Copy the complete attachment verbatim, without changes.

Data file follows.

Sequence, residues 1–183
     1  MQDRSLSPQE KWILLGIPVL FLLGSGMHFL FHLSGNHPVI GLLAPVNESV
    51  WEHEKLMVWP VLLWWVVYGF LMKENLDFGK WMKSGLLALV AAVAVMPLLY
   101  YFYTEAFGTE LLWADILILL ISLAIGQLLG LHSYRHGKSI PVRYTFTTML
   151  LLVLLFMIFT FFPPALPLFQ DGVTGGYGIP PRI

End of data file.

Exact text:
Sequence, residues 1–183
     1  MQDRSLSPQE KWILLGIPVL FLLGSGMHFL FHLSGNHPVI GLLAPVNESV
    51  WEHEKLMVWP VLLWWVVYGF LMKENLDFGK WMKSGLLALV AAVAVMPLLY
   101  YFYTEAFGTE LLWADILILL ISLAIGQLLG LHSYRHGKSI PVRYTFTTML
   151  LLVLLFMIFT FFPPALPLFQ DGVTGGYGIP PRI